Hebraism in Sixteenth-Century England: Robert and Thomas Wakefield

Edited by
James P. Carley and Charles Burnett

Studies and Texts 231; Judaism in the Medieval and Early Modern World 3 • xvi, 332 pp. • ISBN 978-0-88844-231-4 • Cloth • $95

Robert Wakefield (ca. 1493/5–1537) and his brother Thomas (1500–1575) were pioneers in the study and teaching of Hebrew in early modern England, but the range of their learning and their accomplishments has received scant scholarly attention.

Robert was trained at Cambridge, where he was closely associated with the educational reforms of John Fisher. He claimed to have acquired his expertise in Aramaic, Hebrew, and Arabic through long study of books that had come into his hands rather than from teachers. By the 1520s, however, his erudition combined respectable biblical scholarship with knowledge of later Jewish literature, eventually bringing him professorial status in Louvain and in Cambridge, and later in Oxford.

Thomas, who enjoyed long tenure as praelector in Hebrew at Cambridge, took possession of his brother’s books and manuscripts upon his sudden death. Thomas was a compulsive annotator of his books, and through his notes it has been possible to learn a great deal about his intellectual, philological, and theological interests. His marginalia in a copy of the Hebrew Bible he inherited reveal an overwhelming desire to return to the pristine version of the text of scripture, the Hebraica veritas.

This volume draws together the political, linguistic, and bibliographical materials that shaped the careers of these two scholars, often serving to revise previous claims. The essays, while representing important contributions in their own right, also reflect on each other, extending arguments and drawing together thematic conjunctions to produce a compelling analysis of Hebrew learning in sixteenth-century England.


Charles Burnett, FBA, is Professor of Arabic/Islamic Influences in Europe at the Warburg Institute, University of London. His research has concentrated on the translations of Arabic texts into Latin in the Middle Ages, in the fields of philosophy, science, religion, and magic. Among his publications are The Introduction of Arabic Learning into England (1997), Arabic into Latin in the Middle Ages: The Translators and their Intellectual and Social Context (2009), Numerals and Arithmetic in the Middle Ages (2010), and The Great Introduction to Astrology by Abū Maʿšar (with Keiji Yamamoto and David Pingree, 2019).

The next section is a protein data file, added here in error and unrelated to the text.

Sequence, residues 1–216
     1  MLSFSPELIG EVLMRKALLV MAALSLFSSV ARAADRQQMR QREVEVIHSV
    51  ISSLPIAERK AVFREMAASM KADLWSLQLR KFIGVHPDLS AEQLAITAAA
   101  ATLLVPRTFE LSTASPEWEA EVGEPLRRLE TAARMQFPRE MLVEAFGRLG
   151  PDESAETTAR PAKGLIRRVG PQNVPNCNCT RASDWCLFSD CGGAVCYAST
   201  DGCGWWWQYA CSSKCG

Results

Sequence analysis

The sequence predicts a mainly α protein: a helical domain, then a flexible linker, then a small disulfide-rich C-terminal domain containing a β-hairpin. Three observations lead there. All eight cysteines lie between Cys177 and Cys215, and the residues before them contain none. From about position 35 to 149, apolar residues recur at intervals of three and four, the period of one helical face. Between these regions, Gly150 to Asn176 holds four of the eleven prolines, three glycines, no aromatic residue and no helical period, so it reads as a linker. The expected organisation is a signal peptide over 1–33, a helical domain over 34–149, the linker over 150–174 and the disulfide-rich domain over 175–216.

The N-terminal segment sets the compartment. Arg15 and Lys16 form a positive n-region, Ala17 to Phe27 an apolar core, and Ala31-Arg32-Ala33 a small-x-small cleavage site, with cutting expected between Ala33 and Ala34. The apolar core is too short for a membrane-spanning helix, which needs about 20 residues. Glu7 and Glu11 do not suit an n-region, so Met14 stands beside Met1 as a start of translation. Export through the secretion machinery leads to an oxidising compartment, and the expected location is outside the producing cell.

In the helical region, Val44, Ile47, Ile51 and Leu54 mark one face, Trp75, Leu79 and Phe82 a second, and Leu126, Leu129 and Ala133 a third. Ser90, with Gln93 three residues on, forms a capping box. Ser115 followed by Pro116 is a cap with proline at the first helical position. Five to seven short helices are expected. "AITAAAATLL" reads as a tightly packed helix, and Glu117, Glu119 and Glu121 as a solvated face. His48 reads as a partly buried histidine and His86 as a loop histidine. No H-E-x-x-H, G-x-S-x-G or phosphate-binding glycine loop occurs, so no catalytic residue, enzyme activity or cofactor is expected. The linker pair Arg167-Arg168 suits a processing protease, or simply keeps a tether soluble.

James P. Carley, FRSC, is a Distinguished Research Fellow Emeritus at York University, Toronto, and a Fellow at the Pontifical Institute of Mediaeval Studies, Toronto. He has published extensively on Glastonbury abbey, on the Arthurian legends, and on the foundation of Lambeth Palace Library. His edition of The Libraries of King Henry VIII was published in 2000. His edition and translation of John Leland’s De uiris illustribus, assisted by Caroline Brett, was published in 2010.


List of Figures  •  ix
Abbreviations  •  xii
Preface  •  xv

1  James P. Carley and Charles Burnett  •  Introduction  •  1

2  James P. Carley  •  Robert and Thomas Wakefield: A Biographical Sketch  •  8

3  Jessica Crown  •  Robert Wakefield’s Inaugural Orations in Context  •  34

4  Joanna Weinberg  •  The Remarkable Hebraism of Robert Wakefield  •  50

5  Charles Burnett  •  Robert Wakefield and Arabic  •  70

6  Richard Rex  •  Robert Wakefield and the King’s Great Matter  •  86

7  Saverio Campanini  •  The “Ezra Scroll” of Bologna in the Crossfire of the Royal Divorce: John Fisher, Robert Wakefield and an Erased Text  •  111

8  Judith Olszowy-Schlanger  •  “My Silent Teachers”: Hebrew Manuscripts as the Source of Robert Wakefield’s Hebraism  •  132

9  James P. Carley  •  Robert Wakefield’s Manuscript Collections and the English Monastic Libraries: A Parallel to John Leland’s Mission  •  167

10  James P. Carley  •  Books Owned or Annotated by the Wakefield Brothers  •  180

11  Benjamin Williams  •  “Great Mountains Suspended from Every Single Letter”: Thomas Wakefield and His Hebrew Bibles  •  198

12  Herbert L. Kessler  •  Thomas Wakefield’s “Antiquissimus Codex” and San Marco’s Musivum Novissimum  •  237

Appendix 1  •  David R. Carlson  •  Robert Wakefield, “Oratio Oxonii habita in Collegio Regio” (1532)  •  271

Appendix 2  •  Joanna Weinberg  •  A Hebrew Responsum about Levirate Marriage (1530)  •  280

Bibliography  •  287
Contributors  •  313
Index of Manuscripts  •  315
Indexes of Printed Books  •  317
General Index  •  323


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